BOSTON — Harvard University will divest itself from holdings in fossil fuels, President Lawrence Bacow said Thursday.

Harvard Management Company, which oversees the university’s nearly $42 billion endowment, has already been reducing its exposure to fossil fuels and has no direct investments in companies that explore for or develop further reserves of fossil fuels, Bacow said in a message posted on the university’s website.

Harvard Fossil Fuels

Harvard University viewed from across the Charles River in 2017. Associated Press

The university has legacy investments in a number of private equity funds with holdings in the fossil fuel industry. Those indirect investments constitute less than 2% of the endowment, according to Bacow.

The school has not made any new commitments to these limited partnerships since 2019 and has no intention to do so going forward, he added.

Bacow said the legacy investments are in “runoff mode” and will end as these partnerships are liquidated. Harvard has already committed to achieving net-zero greenhouse gas emissions across the entire investment portfolio by 2050, he said.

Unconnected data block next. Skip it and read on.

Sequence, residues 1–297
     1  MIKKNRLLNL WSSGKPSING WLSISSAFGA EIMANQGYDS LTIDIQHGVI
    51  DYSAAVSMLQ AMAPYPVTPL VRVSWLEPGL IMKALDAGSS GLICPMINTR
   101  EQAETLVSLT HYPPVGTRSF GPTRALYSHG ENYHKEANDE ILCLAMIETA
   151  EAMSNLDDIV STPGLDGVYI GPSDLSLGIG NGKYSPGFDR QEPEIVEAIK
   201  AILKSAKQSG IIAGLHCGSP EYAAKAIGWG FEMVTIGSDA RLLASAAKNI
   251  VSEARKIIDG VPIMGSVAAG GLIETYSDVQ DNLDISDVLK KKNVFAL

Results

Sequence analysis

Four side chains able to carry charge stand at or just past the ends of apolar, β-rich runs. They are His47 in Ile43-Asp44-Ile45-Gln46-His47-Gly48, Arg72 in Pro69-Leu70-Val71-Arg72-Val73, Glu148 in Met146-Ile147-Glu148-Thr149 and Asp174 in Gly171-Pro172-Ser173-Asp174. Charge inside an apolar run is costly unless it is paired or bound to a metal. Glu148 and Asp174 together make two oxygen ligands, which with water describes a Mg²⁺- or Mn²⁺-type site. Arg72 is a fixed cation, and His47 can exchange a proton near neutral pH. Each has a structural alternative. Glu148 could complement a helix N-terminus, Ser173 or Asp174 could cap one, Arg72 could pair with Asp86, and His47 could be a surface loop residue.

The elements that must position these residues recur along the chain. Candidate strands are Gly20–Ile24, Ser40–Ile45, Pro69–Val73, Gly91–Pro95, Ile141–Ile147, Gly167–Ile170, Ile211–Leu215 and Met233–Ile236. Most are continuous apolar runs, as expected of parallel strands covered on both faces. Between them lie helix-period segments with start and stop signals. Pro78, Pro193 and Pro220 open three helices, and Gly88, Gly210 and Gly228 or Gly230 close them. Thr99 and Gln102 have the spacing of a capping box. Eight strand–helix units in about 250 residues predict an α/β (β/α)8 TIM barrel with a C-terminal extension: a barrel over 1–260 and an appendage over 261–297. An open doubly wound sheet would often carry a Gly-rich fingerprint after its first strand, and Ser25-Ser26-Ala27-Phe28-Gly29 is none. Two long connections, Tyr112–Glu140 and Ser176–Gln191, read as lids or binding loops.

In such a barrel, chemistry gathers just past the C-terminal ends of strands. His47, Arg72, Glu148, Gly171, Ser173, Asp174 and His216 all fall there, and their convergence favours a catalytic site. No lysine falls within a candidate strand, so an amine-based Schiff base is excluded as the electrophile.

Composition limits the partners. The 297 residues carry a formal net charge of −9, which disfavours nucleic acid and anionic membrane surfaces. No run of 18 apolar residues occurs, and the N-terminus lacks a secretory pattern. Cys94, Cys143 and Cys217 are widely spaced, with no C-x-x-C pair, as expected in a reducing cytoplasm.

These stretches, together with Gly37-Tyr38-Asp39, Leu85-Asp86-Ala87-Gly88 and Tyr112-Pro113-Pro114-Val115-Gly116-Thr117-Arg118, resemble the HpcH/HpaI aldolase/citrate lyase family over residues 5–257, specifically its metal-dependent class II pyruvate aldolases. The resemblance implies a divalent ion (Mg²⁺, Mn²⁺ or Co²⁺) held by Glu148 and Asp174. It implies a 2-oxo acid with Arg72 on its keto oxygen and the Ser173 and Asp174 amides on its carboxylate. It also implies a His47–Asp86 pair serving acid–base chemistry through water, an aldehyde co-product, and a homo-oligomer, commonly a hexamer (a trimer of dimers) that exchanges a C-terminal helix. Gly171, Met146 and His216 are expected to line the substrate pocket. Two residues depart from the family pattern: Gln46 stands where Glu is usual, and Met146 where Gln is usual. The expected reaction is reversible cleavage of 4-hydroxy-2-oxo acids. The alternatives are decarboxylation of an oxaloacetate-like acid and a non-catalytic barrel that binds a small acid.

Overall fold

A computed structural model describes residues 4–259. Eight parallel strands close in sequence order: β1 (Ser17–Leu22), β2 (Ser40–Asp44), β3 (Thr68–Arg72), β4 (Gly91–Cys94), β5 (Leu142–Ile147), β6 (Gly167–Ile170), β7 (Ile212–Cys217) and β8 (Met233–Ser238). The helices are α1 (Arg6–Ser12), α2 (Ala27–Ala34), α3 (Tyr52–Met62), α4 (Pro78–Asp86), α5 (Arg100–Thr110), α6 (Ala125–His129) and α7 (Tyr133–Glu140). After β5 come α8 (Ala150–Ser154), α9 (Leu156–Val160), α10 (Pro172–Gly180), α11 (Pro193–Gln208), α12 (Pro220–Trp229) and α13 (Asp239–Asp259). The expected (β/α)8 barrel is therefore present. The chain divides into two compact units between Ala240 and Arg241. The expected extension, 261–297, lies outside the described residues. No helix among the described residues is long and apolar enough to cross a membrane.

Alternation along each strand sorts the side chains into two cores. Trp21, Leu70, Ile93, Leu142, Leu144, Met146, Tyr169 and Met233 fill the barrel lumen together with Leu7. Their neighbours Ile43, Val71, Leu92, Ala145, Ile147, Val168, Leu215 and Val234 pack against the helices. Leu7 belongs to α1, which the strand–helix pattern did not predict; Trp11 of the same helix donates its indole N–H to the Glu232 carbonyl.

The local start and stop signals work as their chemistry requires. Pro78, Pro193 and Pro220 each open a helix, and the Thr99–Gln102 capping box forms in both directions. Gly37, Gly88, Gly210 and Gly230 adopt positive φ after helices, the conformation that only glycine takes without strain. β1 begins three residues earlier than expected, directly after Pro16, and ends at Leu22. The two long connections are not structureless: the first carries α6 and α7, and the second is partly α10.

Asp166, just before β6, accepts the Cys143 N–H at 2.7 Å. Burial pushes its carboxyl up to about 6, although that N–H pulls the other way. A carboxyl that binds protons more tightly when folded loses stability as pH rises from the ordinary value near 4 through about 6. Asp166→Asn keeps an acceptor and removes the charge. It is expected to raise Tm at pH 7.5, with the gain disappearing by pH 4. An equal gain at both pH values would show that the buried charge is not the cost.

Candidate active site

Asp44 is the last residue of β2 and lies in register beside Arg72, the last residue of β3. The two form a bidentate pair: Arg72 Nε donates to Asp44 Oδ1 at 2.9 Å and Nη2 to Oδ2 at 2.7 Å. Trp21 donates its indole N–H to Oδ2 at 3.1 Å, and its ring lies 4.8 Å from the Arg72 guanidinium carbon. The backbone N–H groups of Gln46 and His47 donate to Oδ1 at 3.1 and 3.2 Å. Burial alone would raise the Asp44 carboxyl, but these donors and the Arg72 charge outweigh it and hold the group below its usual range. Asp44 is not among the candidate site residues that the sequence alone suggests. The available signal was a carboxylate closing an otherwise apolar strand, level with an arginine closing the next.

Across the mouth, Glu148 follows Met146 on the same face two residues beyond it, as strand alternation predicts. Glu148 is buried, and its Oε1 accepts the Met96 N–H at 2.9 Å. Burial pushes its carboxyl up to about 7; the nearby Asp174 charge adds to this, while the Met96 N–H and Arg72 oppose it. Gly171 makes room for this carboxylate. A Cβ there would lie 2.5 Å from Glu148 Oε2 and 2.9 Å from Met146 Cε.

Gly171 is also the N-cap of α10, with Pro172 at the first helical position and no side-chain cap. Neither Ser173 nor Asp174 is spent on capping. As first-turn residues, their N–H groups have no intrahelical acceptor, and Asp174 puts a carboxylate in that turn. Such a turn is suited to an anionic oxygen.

“Given the need to decarbonize the economy and our responsibility as fiduciaries to make long-term investment decisions that support our teaching and research mission, we do not believe such investments are prudent,” he wrote.


The decision follows years of protests from students who have pressed Harvard to divest from fossil fuel companies.

Harvard is building a portfolio of investments in funds that support the transition to a green economy, Bacow wrote. He said the university has made investments along with the Massachusetts Institute of Technology in The Engine, a fund that, among other things, “seeks to accelerate the development of technologies that promise to address the challenges posed by climate change.”

The university will also work to achieve “greater transparency in the greenhouse gas footprint of all of our investment managers, along with the development of protocols for assessing and reducing the footprint for entire investment portfolios.” he wrote.

“We must continue to work with our investment managers and with industry if we are to bring about the transformation of our economy that climate change demands,” he added.

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